Octavia E. Butler Biography, Wiki, Awards, Books, Quotes, Death

Octavia E. Butler Biography, Wiki, Awards, Books, Quotes, Death

Octavia E. Butler Biography, Wiki, Awards, Books, Quotes, Death

Octavia E. Buttler Biography, Wiki, Awards, Books, Quotes, Death. Octavia Estelle Butler (June 22, 1947 – February 24, 2006) was an American science fiction writer. A multiple recipient of both the Hugo and Nebula awards, in 1995 she became the first science fiction writer to receive a MacArthur Fellowship. Octavia E. Butler Biography.

Octavia E. Butler Biography


 Octavia Estelle Butler Biograph

 Born: June 22nd, 194

Birthplace: Pasadena, CA

Died: February 24th, 2006

Location of death: Lake Forest Park, WA

Cause of death: Accident – Fall

Remains: Buried, Mountain View Cemetery, Altadena, CA

Gender: Female

Race or Ethnicity: Black

Occupation: Novalist

Nationality: United States

Father: Laurice Butler

Mother: Octavia M. “Guy” Butler

Education: AA, Pasadena City College (1968), Cal State Los Angeles, University of California at Los Angeles. Octavia E. Butler Biography.

Early life

Octavia Estelle Butler was born on June 22, 1947, in Pasadena, California, the only child of Octavia Margaret Guy, a housemaid, and Laurice James Butler, a shoeshine man. Butler’s father died when she was seven, so Octavia was raised by her mother and maternal grandmother in what she would later recall as a strict Baptist environment.

Growing up in the racially integrated community of Pasadena allowed Butler to experience cultural and ethnic diversity in the midst of racial segregation. She accompanied her mother to her cleaning work, where the two entered white people’s houses through back doors, as workers. Her mother was treated poorly by her employers. “I began writing about power because I had so little.” Octavia E. Butler Biography.

Octavia E. Butler, in Carolyn S. Davidson’s
“The Science Fiction of Octavia Butler.”

From an early age, an almost paralyzing shyness made it difficult for Butler to socialize with other children. Her awkwardness, paired with a slight dyslexia that made schoolwork a torment, led her to believe that she was “ugly and stupid, clumsy, and socially hopeless,” becoming an easy target for bullies. As a result, she frequently passed the time reading at the Pasadena Central Library. She also wrote reams of pages in her “big pink notebook”. Hooked at first on fairy tales and horse stories, she quickly became interested in science fiction magazines, such as Amazing StoriesGalaxy Science Fiction and The Magazine of Fantasy & Science Fiction. She began reading stories by John Brunner, Zenna Henderson, and Theodore Sturgeon. Octavia E. Butler Biography.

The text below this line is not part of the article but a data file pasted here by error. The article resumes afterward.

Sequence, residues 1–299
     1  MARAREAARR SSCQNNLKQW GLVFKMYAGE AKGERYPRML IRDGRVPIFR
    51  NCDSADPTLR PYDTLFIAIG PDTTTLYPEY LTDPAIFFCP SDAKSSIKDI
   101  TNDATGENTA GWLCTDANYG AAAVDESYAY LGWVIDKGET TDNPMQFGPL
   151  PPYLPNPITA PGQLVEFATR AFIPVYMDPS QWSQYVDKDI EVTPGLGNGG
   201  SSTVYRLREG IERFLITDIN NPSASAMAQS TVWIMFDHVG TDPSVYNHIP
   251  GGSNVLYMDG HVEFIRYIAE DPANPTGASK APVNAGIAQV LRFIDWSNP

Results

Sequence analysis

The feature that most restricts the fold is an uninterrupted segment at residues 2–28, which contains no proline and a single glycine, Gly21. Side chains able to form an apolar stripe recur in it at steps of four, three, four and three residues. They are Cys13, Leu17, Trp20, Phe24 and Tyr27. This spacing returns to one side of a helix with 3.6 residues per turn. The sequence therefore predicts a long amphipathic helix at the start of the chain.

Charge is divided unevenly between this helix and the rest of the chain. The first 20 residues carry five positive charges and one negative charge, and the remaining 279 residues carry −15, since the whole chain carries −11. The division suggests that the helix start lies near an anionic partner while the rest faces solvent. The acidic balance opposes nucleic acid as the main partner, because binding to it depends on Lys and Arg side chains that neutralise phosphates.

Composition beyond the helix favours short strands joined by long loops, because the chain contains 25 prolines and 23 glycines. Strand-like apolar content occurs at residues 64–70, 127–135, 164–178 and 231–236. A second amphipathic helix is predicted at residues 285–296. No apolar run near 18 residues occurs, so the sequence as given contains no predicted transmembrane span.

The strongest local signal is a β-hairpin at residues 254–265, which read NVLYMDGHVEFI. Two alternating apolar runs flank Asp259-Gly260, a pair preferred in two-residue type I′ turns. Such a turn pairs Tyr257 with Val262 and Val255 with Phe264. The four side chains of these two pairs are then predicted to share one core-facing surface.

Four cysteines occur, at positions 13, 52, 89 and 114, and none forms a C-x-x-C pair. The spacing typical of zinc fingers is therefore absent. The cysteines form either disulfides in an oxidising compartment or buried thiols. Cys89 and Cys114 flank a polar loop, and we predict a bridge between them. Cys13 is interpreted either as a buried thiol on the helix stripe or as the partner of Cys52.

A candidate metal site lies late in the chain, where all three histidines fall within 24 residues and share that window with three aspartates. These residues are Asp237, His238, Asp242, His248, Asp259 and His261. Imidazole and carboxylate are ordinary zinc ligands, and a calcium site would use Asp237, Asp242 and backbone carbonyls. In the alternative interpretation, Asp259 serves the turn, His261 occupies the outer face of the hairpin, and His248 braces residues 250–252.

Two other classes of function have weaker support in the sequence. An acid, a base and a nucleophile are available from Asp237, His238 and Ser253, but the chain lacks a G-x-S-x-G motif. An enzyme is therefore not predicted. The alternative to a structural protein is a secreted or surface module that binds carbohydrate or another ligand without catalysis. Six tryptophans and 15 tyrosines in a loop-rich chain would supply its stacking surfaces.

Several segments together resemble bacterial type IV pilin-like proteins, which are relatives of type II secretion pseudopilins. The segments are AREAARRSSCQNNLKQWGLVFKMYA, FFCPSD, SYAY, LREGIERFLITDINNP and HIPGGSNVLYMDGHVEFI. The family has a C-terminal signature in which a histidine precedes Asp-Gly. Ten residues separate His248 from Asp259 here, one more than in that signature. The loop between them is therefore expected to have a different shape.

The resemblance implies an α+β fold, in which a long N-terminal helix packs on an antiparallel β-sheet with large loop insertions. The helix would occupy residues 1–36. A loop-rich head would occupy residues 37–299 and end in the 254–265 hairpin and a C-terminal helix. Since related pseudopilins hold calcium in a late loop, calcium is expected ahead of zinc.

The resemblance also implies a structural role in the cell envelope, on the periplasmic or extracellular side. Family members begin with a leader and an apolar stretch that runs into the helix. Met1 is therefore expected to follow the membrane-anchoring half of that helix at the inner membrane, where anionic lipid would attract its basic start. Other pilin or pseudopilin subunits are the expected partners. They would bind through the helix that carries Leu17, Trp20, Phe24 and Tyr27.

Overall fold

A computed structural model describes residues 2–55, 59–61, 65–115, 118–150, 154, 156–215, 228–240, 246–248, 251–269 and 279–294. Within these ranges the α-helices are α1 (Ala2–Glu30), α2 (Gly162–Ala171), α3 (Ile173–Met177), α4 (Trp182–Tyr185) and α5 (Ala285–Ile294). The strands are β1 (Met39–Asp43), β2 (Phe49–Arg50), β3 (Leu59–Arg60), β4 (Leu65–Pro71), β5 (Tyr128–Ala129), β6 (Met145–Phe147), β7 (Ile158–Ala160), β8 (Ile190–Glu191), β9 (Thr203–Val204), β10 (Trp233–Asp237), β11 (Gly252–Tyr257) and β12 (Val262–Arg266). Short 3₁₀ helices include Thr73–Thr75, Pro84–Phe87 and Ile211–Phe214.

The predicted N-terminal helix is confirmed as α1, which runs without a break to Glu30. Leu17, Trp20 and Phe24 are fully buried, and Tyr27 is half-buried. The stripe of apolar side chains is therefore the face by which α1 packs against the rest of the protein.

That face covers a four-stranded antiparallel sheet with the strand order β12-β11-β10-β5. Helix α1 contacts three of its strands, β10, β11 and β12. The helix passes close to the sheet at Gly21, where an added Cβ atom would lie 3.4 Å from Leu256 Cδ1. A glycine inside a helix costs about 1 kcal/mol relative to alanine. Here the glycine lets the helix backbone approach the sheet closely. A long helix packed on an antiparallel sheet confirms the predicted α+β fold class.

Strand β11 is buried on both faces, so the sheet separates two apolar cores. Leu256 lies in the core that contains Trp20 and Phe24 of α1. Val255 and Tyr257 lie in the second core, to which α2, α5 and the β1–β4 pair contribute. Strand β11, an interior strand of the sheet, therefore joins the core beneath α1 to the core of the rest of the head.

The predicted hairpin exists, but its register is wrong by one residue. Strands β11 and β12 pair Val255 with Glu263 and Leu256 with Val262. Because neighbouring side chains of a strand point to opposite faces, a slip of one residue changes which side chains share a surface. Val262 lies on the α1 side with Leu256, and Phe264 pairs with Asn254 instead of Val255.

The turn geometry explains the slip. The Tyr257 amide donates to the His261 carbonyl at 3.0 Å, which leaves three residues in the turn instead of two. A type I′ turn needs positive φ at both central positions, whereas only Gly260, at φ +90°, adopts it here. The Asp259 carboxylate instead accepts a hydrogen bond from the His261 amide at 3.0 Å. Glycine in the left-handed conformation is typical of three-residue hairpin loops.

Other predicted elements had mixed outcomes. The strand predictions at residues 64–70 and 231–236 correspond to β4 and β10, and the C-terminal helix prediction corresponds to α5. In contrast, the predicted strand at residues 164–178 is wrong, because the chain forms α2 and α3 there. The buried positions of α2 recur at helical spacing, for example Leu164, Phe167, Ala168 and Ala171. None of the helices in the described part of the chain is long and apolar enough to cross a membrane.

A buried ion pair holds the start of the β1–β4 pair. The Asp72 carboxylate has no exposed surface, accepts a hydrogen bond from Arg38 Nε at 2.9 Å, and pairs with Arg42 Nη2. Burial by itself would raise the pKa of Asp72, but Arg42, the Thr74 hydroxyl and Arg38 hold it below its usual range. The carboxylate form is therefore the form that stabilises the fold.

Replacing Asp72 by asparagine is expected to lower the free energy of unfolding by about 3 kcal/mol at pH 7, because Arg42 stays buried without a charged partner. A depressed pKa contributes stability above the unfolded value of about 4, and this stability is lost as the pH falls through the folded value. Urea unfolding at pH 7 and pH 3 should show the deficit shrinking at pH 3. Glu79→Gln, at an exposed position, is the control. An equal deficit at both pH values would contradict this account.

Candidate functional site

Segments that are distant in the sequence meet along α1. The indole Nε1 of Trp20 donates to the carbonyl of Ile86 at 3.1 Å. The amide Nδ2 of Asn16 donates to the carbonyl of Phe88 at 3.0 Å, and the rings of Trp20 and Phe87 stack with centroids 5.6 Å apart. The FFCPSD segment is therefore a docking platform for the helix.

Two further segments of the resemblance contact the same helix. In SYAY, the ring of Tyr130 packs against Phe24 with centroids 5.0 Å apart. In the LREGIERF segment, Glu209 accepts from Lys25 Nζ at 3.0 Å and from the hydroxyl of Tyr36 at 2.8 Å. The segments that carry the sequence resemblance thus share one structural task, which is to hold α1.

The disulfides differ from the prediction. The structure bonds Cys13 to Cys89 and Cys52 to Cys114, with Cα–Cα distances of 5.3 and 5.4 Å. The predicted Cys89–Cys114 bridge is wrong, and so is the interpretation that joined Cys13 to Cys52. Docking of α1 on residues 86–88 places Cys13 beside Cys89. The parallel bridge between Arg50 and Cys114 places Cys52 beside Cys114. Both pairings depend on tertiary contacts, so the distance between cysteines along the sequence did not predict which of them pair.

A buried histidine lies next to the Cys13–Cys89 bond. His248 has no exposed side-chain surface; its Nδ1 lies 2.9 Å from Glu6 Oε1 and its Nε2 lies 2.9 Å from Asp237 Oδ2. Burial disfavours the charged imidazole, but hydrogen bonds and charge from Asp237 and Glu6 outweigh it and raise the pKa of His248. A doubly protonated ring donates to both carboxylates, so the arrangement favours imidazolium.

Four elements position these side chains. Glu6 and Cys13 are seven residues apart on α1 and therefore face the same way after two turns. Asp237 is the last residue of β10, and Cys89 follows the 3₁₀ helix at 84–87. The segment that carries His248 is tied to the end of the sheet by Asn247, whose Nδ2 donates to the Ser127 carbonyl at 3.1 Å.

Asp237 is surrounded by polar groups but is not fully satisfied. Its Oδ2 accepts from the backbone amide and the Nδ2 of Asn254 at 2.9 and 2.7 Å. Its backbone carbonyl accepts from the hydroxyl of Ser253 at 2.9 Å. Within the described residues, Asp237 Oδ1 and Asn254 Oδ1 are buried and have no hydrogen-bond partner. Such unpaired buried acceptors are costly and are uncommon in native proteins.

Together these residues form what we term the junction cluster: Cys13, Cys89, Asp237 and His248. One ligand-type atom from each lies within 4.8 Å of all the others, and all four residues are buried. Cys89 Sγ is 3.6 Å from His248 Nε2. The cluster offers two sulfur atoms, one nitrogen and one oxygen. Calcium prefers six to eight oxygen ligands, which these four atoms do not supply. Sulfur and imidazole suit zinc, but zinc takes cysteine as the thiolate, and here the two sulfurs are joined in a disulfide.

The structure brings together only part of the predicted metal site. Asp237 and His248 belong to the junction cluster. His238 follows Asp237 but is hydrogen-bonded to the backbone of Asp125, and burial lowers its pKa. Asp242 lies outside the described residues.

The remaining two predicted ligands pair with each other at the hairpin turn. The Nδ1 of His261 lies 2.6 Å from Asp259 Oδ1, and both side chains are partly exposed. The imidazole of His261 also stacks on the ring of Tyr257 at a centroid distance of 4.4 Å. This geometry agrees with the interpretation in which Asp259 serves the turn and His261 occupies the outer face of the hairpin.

Octavia E. Butler Rise to success

Although Butler’s mother wanted her to become a secretary in order to have a steady income, Butler continued to work at a series of temporary jobs. She preferred less demanding work that would allow her to get up at two or three in the morning to write. Success continued to elude her. She styled her stories after the white-and-male-dominated science fiction she had grown up reading. She enrolled at California State University, Los Angeles, but switched to taking writing courses through UCLA Extension. Octavia E. Butler Biography.

During the Open Door Workshop of the Screenwriters’ Guild of America, West, a program designed to mentor minority writers, her writing impressed one of the teachers, noted science-fiction writer Harlan Ellison. He encouraged her to attend the six-week Clarion Science Fiction Writers Workshop in Clarion, Pennsylvania. There, Butler met the writer Samuel R. Delany, who developed as a longtime friend. She also sold her first stories: “Child Finder” to Ellison, for his anthology The Last Dangerous Visions (still unpublished), and “Crossover” to Robin Scott Wilson, the director of Clarion, who published it in the 1971 Clarion anthology.